Hatshepsut Biography, Life, Interesting Facts
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Ruler of Egypt, Hatshepsut was the noblest and powerful pharaoh. She, wait! Yes, she was a female ‘King’ (Pharaoh) in Egypt. Quite unusual, since all rulers in ancient Egypt passed the thrown to either the son.
In some cases, the oldest male of the family took over. It’s a surprise that Hatshepsut ruled without some people’s consent that she was a woman. Archeologists discovered his remain, and after thorough research, it was pointed that she was a She. With all the discoveries, it is still known that she was the second female king to rule Egypt. Hatshepsut served as an Egypt operator or rather a regent. To date, biographers even claim that how she opted out from her previous sit to become a pharaoh is still unknown. Did you know that the queen dressed like pharaoh males? Not only that, but she wore pharaoh’s ‘beard.’ Her history is an open and shut case, stay put.
Hatshepsut was an incredible leader with able skills that made even men join her motives. The noble, dressed like a man since there wasn’t any other way out. Remember, they didn’t have attires for female pharaohs. Her reputation spread far beyond her reach. Why? For twenty years, she established all that was scattered and rendered unproductive.
Her trustworthiness and problem-solving skills brought her into contact with other highness’s. She is first recalled for ushering construction works. In the process, the ripened fruits advanced to unique architectural designs in Egypt.
For a permanent record, Hatshepsut made sure her administration is known by publishing her images on the building across Egypt. Some sources claim that she performed military action to maintain a friendly approach with other nations. At some point, she did this to invade their territories.
Hatshepsut reign proved that a woman could do more than a male. Her leadership surpassed all the leading pharaohs of her time.
The second female pharaoh saw her first in the world in 1458 BC. Several biographers also claim that she was born around 1508 in Thebes, Egypt. She was a daughter to Thutmose I, a famous Egyptian ruler, in the 1550s. Her mother, Ahmose served as the leading female in the royal house.
At only 12, Hatshepsut father breathed his last. This followed with her being compelled to get married. With running thoughts and confusion he married Thutmose II, his half-brother. Early marriage was brought about to avoid them getting into another relationship with the outside party. Remember, they wanted to keep it ease and close as the royal family. Gladly, the marriage crowned her as the queen, and Thutmose II took her father’s lead.
Their union went on smoothly till Thutmose II demise after fifteen years of leadership. At that point, Hatshepsut had clocked thirty years.
The duo didn’t have a son. As an acting queen, the dear female opted to take Thutmose II to sit and rule Egypt. She proposed to rule till Thutmose III, the only male child to Thutmose II reached adulthood.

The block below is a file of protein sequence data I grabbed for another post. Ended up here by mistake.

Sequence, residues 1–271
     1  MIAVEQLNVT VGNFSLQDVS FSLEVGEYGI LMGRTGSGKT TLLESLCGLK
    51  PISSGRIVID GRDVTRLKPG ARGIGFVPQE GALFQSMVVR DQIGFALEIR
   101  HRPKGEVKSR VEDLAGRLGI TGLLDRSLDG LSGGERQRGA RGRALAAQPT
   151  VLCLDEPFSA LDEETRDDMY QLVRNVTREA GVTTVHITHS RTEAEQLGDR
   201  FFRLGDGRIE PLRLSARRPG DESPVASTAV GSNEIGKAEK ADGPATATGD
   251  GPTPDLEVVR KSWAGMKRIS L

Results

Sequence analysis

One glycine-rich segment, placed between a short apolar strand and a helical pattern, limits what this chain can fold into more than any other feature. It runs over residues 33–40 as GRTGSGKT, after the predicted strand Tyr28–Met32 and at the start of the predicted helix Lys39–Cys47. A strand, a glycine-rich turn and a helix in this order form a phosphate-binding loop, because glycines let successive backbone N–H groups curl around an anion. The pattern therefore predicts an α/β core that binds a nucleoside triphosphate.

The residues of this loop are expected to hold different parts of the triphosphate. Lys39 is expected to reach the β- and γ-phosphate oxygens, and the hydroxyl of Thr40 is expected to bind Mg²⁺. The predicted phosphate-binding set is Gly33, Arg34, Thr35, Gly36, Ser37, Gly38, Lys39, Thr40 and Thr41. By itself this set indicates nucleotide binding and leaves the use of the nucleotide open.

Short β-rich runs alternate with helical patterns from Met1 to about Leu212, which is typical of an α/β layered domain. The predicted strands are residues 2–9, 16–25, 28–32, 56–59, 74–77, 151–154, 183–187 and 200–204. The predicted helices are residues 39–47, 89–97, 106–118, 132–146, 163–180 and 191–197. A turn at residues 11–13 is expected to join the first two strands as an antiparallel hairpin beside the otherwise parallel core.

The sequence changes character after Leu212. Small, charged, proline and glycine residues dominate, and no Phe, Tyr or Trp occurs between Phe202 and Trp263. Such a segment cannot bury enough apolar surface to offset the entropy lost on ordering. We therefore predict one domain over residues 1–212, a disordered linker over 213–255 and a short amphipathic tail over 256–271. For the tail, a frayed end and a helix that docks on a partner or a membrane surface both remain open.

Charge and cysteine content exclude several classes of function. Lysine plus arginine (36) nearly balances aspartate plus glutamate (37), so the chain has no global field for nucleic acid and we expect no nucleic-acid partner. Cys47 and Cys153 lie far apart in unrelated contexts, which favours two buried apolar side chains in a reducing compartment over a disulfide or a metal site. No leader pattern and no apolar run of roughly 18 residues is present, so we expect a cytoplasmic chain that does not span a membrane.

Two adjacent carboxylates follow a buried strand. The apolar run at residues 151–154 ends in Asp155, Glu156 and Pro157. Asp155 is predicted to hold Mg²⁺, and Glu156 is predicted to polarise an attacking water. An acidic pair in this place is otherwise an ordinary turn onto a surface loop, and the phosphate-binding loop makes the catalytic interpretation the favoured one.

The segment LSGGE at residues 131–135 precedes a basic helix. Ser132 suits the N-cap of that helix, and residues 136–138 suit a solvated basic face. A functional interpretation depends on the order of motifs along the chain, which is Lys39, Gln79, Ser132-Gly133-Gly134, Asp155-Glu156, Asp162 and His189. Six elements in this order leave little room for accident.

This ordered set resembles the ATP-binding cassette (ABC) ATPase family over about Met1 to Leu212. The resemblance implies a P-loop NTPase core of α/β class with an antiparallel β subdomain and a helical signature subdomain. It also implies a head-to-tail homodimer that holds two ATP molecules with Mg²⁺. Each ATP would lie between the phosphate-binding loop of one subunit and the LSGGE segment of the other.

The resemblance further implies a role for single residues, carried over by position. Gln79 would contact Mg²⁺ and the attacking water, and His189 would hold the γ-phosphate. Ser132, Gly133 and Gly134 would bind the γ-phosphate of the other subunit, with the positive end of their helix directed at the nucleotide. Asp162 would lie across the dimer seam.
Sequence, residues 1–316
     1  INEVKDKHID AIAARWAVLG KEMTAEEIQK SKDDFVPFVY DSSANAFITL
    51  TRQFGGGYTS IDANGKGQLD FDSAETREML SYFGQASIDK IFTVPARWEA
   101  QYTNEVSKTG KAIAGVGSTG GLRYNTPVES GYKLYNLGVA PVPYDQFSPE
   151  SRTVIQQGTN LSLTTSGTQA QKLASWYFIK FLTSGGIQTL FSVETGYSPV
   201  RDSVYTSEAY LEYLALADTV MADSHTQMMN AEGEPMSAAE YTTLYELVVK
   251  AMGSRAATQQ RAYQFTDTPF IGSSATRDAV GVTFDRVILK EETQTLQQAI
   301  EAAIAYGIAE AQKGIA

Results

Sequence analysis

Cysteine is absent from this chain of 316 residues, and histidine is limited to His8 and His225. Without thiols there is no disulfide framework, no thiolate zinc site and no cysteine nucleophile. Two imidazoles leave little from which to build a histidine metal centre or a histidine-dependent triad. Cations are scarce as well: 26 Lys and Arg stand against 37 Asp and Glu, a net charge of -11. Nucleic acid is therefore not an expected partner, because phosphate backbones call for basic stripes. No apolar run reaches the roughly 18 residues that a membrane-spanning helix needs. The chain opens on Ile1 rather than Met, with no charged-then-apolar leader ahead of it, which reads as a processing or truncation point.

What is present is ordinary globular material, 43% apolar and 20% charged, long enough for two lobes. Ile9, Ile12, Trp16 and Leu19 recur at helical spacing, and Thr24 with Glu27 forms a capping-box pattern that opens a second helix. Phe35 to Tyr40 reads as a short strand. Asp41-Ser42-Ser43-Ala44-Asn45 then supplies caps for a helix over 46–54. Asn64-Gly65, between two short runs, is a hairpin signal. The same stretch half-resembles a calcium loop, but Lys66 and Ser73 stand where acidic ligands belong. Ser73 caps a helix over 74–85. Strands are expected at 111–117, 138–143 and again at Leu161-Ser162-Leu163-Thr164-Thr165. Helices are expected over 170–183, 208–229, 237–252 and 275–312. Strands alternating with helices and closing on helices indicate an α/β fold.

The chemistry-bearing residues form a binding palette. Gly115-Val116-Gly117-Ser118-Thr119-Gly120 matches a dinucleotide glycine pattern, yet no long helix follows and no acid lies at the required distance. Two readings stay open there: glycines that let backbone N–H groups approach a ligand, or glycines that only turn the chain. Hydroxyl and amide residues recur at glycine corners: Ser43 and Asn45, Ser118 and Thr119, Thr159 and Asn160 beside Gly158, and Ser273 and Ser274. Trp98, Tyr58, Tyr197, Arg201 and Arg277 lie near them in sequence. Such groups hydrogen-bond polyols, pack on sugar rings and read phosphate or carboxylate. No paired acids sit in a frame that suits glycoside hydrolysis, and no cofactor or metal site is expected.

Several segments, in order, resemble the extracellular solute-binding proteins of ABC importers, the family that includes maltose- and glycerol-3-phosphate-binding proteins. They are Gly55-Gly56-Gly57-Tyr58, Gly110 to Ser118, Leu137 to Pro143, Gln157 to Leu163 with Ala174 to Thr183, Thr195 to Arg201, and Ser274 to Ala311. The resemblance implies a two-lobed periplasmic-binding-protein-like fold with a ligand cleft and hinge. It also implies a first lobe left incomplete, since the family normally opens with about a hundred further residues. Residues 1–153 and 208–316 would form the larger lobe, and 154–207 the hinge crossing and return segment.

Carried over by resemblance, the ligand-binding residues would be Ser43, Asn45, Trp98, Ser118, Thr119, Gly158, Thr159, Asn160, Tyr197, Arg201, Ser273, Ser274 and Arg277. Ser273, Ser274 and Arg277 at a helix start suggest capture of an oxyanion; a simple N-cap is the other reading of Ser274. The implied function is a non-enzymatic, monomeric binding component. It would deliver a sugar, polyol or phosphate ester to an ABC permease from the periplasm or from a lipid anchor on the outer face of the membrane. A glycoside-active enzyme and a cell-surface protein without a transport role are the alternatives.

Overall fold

It wasn’t a doubt that Hatshepsut rule was spotless. She focused more on development and economic growth. She avoided using the word ‘peace’ fraudulently, but her actions spoke louder. Sound environment played host to economic growth plus profitable operations.
Hatshepsut distributed Egypt’s resources wisely and nobly. Health became the first and primary priority for the locals. She made sure that the communities were organized to avoid external conflicts.
The workers weren’t left behind either. Similarly, she supplemented peace by allowing them to take charge. Against all the odds, she spoke against discrimination. In that regard, the act brought forth renovations including several monuments and temples. Major one includes her chamber labeled Dier el Bahari in Thebes.
In short, her significant responsibility was to make sure that Egypt’s economy moved two miles ahead than one. To achieve this, she first improved mutual connection throughout Egypt. Of course, this wasn’t targeted in the ancient reigns.
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Hatshepsut problem-solving skills enhanced profitable trading across the borders. Presumably, the heir tried to invade Syria with military skills and able team. It was true she invaded the land, and then her motive succeeded.
Other significant works that the noble lady did was to improve infrastructure and establishments. Egyptians livelihood improved in her tenure. In between, to bring up perfect architecture, she partnered with Ineni, an ancient architect. Another masterpiece that he brought forward was the restoration of ‘Precinct of Mut’ an old site.
Her stance in religion paved the way for the construction of a famous temple called ‘Djeser -djeser.’ Not only that but it was set out as Pharaoh’s resting place. To date, it is still a great masterpiece.
Sources believe that Hatshepsut saw her last in 1458 BC. The female ruler was buried at the first royal tomb called KV20. It was a similar tomb that his biological father rested. Thutmose III took over as the next ruler in line.
After loads of test and analysis from researchers, the prehistorians founded Hatshepsut remains, and that of his father in the same temple in 2006. Some of Ineni’s architect and works of the female ruler appear at the New York Metropolitan Museum of Art.
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